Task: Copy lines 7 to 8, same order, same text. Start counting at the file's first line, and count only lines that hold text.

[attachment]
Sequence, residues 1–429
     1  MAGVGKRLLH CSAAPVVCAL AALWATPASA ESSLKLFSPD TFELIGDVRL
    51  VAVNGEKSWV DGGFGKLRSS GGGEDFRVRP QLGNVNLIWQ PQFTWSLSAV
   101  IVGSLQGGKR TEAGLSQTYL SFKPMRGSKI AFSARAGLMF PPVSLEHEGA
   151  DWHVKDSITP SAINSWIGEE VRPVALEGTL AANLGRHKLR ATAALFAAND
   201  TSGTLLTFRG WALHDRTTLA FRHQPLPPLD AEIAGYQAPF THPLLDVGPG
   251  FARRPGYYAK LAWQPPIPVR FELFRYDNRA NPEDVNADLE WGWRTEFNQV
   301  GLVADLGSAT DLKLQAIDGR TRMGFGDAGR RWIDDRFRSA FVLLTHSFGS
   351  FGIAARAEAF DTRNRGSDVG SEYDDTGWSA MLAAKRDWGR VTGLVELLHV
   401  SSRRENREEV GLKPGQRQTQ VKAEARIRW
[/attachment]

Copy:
   251  FARRPGYYAK LAWQPPIPVR FELFRYDNRA NPEDVNADLE WGWRTEFNQV
   301  GLVADLGSAT DLKLQAIDGR TRMGFGDAGR RWIDDRFRSA FVLLTHSFGS